Precipitation processes*. Types of precipitation Stratiform Convective – deep (mixed phase) and shallow (warm) Mixed stratiform-convective Organization of precipitation Precipitation theories Mesoscale structure of rain. Nimbostratus and stratiform precipitation.
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Fig. 8.10. Simplified schematic of the precipitation processes active in clouds. Taken from Lamb (2001).
Compare with the complex diagram in thefollowing frame.
Z > 10 dBZ
Examples of automated precipitation classification scheme based on the preceding algorithm. From Tokay et al (1999, JAM).
Large variations in the vertical, small in the horizontal
Weak w, < 1 m s-1 (w < VT)
Precipitation growth during the “fall” of a precipitation particle
Less substantial variations in the vertical, large in the horizontal
Strong w, 5-50 m s-1
Evolution to stratiform
Quasi-steady state process, function of height
Fig. 6.1 from Houze
Time-dependent process, but also a function of height
Idealized stratiform cloud system and (b) convective clouds
Water-coated or spongy ice
0 2 4 6 8 10
Vertical variation of particle types within a nimbostratus stratiform cloud system
Mean diameter (mm)
Growth of pristine ice by deposition
Some growth by deposition, riming
Primary growth by aggregation
Change in Z due to various processes (Wexler 1955), p. 200 in R&Y
Melting VT Shape Condensation Total
Snow to bright band +6 -1 +1.5 0 +6.5 dB
Bright band to rain +1 -6 -1.5 +0.5 -6 dB
Growth by vapor deposition
Deposition, riming (?) and aggregation
Aggregation + melting
Conversion to raindrops,
breakup of aggregates (?)
Z for ice is lower than Z for snow of the same water content
because of difference in dielectric constant.
When all ice converts to raindrops, the particle concentration
is reduced due to increase fall speeds.
Top panels: bright bandReflectivity shows the bright band, Doppler velocity shows the increase in fall speed as snow/aggregates melt to form rain drops.
Fig. 6.3 from Houze. Ice particle concentration obtained from aircraft flights through nimbostratus in tropical MCSs over the Bay of Bengal.
Results of a numerical simulation of precipitation processes in a frontal stratiform rainband. Each panel shows the rates of conversion for the process considered (10-4 g kg-1 s-1)
Fig. 6.10 Houze
Examples of a four different narrow cold frontal rainbands. The location of the cold front is shown. Note the different orientation of the smaller elements within the rainband. Fig. 11.28 of Houze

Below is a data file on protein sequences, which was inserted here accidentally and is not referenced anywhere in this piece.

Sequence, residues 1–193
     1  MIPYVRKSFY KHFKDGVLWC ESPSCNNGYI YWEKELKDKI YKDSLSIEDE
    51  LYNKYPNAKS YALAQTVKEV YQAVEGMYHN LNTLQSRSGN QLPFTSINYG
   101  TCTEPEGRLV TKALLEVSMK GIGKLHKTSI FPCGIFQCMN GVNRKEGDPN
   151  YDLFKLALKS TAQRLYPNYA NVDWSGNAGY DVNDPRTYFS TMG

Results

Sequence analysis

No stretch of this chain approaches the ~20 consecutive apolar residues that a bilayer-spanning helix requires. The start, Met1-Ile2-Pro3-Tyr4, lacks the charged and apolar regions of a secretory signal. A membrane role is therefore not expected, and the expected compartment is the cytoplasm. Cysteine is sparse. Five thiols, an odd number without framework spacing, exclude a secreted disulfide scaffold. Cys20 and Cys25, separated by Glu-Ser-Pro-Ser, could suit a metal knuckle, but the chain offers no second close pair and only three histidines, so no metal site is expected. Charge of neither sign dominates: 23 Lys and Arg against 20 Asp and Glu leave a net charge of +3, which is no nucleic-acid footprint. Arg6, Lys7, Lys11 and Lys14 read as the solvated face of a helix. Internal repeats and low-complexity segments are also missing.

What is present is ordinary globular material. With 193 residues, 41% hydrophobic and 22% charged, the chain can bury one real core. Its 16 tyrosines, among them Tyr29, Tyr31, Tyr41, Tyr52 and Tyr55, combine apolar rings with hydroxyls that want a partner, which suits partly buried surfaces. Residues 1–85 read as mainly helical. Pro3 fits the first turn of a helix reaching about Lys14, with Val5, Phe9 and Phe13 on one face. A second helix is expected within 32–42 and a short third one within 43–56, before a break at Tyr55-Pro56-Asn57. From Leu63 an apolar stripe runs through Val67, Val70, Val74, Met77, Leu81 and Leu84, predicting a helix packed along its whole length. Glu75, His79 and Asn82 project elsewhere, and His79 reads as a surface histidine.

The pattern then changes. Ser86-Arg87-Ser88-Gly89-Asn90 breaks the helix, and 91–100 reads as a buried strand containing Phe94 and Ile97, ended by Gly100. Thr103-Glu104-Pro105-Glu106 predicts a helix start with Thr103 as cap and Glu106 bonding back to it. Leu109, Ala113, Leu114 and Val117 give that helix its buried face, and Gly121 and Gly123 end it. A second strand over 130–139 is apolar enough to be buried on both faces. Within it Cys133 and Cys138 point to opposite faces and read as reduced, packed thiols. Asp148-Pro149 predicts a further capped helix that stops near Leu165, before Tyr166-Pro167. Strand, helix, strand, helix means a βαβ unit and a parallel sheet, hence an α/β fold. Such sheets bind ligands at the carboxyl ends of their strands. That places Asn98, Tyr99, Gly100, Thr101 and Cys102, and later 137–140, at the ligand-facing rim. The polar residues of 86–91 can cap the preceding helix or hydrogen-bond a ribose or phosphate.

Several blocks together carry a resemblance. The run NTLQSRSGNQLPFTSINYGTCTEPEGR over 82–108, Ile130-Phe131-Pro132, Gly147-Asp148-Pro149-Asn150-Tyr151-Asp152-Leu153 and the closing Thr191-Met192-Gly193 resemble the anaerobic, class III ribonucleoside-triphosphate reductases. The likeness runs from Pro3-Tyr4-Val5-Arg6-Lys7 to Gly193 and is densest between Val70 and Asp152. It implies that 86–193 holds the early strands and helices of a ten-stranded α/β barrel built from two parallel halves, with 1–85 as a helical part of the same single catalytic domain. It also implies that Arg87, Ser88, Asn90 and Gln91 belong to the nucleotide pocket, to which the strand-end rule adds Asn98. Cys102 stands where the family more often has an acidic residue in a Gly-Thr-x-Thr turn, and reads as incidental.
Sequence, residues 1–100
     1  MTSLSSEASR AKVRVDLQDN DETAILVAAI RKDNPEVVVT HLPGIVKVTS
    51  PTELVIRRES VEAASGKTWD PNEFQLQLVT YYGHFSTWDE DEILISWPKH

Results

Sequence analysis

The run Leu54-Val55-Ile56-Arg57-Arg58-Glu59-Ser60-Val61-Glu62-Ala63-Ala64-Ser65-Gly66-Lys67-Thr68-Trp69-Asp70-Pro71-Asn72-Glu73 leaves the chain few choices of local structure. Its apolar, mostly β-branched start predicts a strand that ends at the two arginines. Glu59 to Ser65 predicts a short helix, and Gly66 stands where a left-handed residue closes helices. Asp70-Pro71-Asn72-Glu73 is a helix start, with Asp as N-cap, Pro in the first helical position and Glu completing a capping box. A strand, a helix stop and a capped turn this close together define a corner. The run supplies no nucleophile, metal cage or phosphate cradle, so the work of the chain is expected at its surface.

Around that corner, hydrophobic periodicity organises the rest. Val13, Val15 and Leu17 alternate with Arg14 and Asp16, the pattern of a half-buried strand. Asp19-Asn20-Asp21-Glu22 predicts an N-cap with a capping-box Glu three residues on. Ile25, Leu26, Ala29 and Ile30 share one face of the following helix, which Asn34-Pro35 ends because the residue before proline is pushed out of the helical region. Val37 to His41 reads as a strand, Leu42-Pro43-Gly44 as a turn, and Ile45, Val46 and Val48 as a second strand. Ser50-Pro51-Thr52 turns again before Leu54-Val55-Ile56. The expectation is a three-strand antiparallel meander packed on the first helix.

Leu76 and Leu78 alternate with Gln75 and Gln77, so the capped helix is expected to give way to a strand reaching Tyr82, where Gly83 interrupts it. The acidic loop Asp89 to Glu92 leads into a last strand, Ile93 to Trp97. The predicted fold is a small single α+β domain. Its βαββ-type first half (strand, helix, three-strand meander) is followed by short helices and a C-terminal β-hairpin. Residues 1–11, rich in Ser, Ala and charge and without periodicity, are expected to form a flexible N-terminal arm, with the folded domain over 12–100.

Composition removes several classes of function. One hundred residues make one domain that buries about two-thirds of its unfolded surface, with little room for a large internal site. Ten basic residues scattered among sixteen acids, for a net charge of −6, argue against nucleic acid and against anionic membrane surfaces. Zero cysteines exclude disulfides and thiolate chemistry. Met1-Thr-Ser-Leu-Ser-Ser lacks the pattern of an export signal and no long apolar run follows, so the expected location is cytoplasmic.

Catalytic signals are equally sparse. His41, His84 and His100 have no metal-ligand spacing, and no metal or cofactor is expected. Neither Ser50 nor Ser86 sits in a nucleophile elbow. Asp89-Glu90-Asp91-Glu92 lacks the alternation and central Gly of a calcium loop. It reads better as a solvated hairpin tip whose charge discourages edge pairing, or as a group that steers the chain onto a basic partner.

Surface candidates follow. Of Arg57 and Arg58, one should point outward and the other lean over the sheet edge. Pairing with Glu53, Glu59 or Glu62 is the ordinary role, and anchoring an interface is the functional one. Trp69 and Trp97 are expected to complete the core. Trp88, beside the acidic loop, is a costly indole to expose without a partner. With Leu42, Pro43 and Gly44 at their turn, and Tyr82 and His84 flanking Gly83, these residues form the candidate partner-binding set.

Hypothesized airflow along a cold frontal rainband, and the development of wave features due to horizontal shearing instability. (Fig. 11.30 of Houze).
Schematic of the relative airflow across two precipitation cores, and the gap between them, in a narrow cold frontal rainband. The airflow, represented as wind vectors, was inferred from Doppler radar. Fig. 11.29 from Houze.
Cloud structure, air motions, and precipitation mechanisms within cold frontal bands. This structure is derived from aircraft, Doppler radar, and other sources. Fig. 11.31 of Houze.
Schematic of clouds, precipitation, and thermal field of a warm frontal rainband as deduced from rawinsonde, aircraft and radar data. The region above the elevated warm front is convectively unstable (qe decreases with height). Fig. 11.38 of Houze.
UAH/NSSTC ARMOR 10/27/2006: 3-D View of light, stratiform warm frontal rainband as deduced from rawinsonde, aircraft and radar data. The region above the elevated warm front is convectively unstable (
Profile of liquid dependent on ice process/types
Polarimetric Hydrometeor ID
Vertical Cross-Section 300o
Proprietary information, Walter A. Petersen, University of Alabama Huntsville
ARMOR: 27 October 2006 Bright band variability and precipitation
(RHI’s over MIPS wind profiler every 2-3 minutes)
+/- 500m oscillations in melting level height, and finally a rise with warm front!
DSD properties from combined profiler/radar retrieval
Stratiform precipitation within a midlatitude cyclone precipitation
Small ice crystals
Snow (1-2 mm)
large aggregates (5-10 mm)
large raindrops (2-3 mm)
small raindrops (1-2 mm)
Reflectivity factor measured by a vertically pointing X-band radar
Stratiform precipitation with both ice and water phase is common over large regions in both the tropics (mesoscale convective systems and tropical storms) and midlatitudes (within low pressure regions)
The bright band region could be especially problematic.
Schematic cross section of a wide cold frontal rainband. From Hobbs et al 1980.
Vertically pointing Doppler radar measurements within a stratiform rain band
Fall speeds for snow vs. fall speeds for rain
Low in snow (not much variation in fall speeds), high in rain (greater variation in fall speeds)
Radial Velocity (vertical)
Radial Velocity (vertical)
Precipitation Paths: Possible scenarios stratiform rain band
Stratiform rain system with bright band and large aggregates near the bright band (relatively common)
Shallow convective cloud, small drops (0.5 mm diameter)
Shallow convective cloud, large drops (e.g., the Hawaiian shallow clouds that develop raindrops to diameters of 5-8 mm; Rauber et al 1991).
Deep convective cloud with graupel, snow, aggregates, and rain
Item (4), with the addition of hail
Clouds without large precipitation
Stratocumulus clouds, between 0.2 and 0.8 km above sea level (ASL), with 0.2 mm drizzle droplets (common)
Cirrus clouds, between 8 and 12 km ASL, with ice crystals up to 1 mm in diameter (common)